8 winter marketing ideas to jumpstart restaurant traffic

January can be a mixed bag for restaurants: after the craziness of the holidays, it can present the opportunity to hit refresh, take a step back, and evaluate your business. It’s also a time when the weather gets (sometimes a lot) colder, and diners are feeling less inclined to go out to eat after the glutton of the holidays, all of which can mean slower foot traffic.

Don’t let the beginning of the year slump hurt your business! Here are some ways that you can turn these early months into robust marketing opportunities.

1. Lean into the colder weather. It may be tempting to try and distract diners from the fact that it’s chilly outside, but sometimes the best strategy is to plan promotions that actually incorporate the outside temps. At the acclaimed, market-driven spot in Brooklyn, Olmsted, the garden is one of the restaurant’s key features, but garden seating can be a tough prospect in the winter. To combat this, the team creates a cozy winter wonderland in the garden, complete with warm blankets and make-your-own s’mores. Suddenly, sitting outside in the winter just got a lot more appealing.

2. Do a birthday promotion. Birthday promotions are a simple but effective way to build customer loyalty, particularly during slow months like January. As Manhattan House in Los Angeles does it, diners simply book a table on their birthday, and the meal is on the house. This may seem like a big investment in a customer, but even one meal that’s on the house or heavily discounted is going to go a long way in bringing back repeat customers — and having them refer their friends.

3. Redo your website. The new year is a great time to spiff up your most valuable digital tool: your website. A site is often a guest’s first impression on your restaurant. It’s worthwhile to take the time during these slower periods to make sure that basic info like your phone number and address is front and center, your menu is up to date, all your photos look crystal clear, and the pages all load properly on mobile. These small details can be the difference between a guest deciding to try your spot or moving on because he or she couldn’t get the information needed on the site.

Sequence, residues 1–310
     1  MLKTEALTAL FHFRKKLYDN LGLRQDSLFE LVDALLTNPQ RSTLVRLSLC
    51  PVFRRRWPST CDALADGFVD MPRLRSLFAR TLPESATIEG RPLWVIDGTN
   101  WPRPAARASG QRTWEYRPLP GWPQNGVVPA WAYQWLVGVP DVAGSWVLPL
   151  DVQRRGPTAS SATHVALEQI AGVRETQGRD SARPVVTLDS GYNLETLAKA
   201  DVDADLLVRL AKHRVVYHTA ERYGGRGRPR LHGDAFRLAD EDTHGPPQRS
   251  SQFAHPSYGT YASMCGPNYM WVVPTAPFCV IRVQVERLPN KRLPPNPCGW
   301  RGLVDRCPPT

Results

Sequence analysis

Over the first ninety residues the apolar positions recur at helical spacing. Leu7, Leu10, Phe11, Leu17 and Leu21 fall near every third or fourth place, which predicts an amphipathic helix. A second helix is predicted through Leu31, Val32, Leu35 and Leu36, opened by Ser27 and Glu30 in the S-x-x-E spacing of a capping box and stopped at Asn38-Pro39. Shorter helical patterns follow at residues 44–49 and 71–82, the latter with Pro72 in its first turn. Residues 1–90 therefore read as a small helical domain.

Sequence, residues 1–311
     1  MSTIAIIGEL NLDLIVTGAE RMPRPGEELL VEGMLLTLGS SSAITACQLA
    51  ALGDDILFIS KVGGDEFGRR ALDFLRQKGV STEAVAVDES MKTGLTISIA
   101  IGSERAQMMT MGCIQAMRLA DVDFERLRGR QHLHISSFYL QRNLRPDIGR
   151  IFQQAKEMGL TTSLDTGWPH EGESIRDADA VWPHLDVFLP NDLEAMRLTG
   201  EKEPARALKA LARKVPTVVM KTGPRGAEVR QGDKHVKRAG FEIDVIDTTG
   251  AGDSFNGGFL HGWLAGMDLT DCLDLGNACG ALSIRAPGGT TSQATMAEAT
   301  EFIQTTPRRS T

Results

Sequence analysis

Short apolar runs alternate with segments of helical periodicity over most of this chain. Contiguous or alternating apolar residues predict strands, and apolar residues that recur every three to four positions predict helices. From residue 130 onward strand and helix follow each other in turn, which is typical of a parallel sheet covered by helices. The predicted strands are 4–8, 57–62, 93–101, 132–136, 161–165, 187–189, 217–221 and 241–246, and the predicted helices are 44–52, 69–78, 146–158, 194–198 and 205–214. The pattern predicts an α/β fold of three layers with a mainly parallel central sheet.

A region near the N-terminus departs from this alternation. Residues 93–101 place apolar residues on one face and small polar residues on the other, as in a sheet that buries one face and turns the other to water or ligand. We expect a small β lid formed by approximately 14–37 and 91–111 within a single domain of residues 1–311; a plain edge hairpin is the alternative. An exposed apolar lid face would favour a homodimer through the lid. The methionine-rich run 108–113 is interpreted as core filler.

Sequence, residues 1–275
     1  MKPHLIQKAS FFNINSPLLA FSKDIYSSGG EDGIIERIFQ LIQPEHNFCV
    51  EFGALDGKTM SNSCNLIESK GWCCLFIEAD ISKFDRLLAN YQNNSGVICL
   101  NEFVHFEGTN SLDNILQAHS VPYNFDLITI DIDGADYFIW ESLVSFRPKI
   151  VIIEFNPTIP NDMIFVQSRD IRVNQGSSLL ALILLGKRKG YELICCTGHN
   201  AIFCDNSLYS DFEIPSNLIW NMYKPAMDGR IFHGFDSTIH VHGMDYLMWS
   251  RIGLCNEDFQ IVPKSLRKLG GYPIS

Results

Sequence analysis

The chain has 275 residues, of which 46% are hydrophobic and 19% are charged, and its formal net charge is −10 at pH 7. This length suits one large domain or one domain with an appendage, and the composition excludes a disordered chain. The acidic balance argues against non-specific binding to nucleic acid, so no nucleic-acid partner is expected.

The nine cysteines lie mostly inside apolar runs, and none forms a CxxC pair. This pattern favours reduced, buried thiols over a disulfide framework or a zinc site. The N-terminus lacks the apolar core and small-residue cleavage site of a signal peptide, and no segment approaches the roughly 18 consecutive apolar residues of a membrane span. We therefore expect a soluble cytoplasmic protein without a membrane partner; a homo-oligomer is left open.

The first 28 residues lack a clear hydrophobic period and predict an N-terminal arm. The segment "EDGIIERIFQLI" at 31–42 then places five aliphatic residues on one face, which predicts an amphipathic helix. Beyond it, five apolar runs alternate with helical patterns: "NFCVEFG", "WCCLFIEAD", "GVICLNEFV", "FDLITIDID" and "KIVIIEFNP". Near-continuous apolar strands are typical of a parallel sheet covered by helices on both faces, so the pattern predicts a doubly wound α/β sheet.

4. Extend your happy hour. During the summertime, happy hours are perfectly aligned with spending a sunny afternoon outdoors. Not so in the winter, when people don’t have Summer Fridays and most prefer to make a beeline to their apartment post work. Entice the 9-to-5 crowd with drink specials that go a few hours past your usual happy hour timeframe. Add in some snack specials, and you’re sure to build up a happening post-work scene.

5. Launch your email newsletter. Along with your website, a newsletter can be incredibly useful for marketing. The early months of the year—when customers are resetting for the new year, and often cleaning up (and adding to) their email subscription—are the perfect time to start building an email following. A newsletter can be used for announcing exclusive promotions, specials, or openings. Even if you don’t have an email to send yet, add a newsletter sign-up form to your website and social media platforms, and include it with your check presenters. When you are ready to make an announcement, you’ll already have that built-in audience.

6. Participate in Restaurant Week. Many cities hold a Restaurant Week at the beginning of the year to drum up business across the industry. This involves each restaurant offering a set, fixed-price menu across two weeks. It’s a particularly great opportunity to bring new types of customers in the door, as each Restaurant Week does its own marketing and advertising throughout the respective city.

7. Warm up your drinks. The early months can be tough for alcohol sales, not only because of #DryJanuary (a popular challenge to swear off alcohol during the first month of the year), but also because most cocktails are served cold — not ideal on a chillier day. Give your cocktails winter appeal by turning up the temperature. It doesn’t have to stop at Hot Toddies; mulled wine, warm punch, cider, and spiked hot chocolate are just a few of the many options for hot drinks. You can even add a selection of non-alcoholic hot beverages for those committing to a dry month. Take a cue from Alden & Harlow in Boston, which serves up a playful array of wintery drinks like the Hearthstone, which involves homemade butterscotch and Montenegro whipped cream.

8. Double down on delivery. The reality is that for every person who chooses to dine out in the winter, there are several more who opt to order delivery from the warmth and comfort of their own homes. Ensure that you are taking full advantage of this opportunity by double checking that your delivery platform works smoothly, your delivery people are consistently timely and efficient, and your food is as high-quality when it arrives as when it departs your restaurant. Concentrating on perfecting your delivery service will make certain that, when the weather does get warmer, your delivery customers become loyal in-house customers.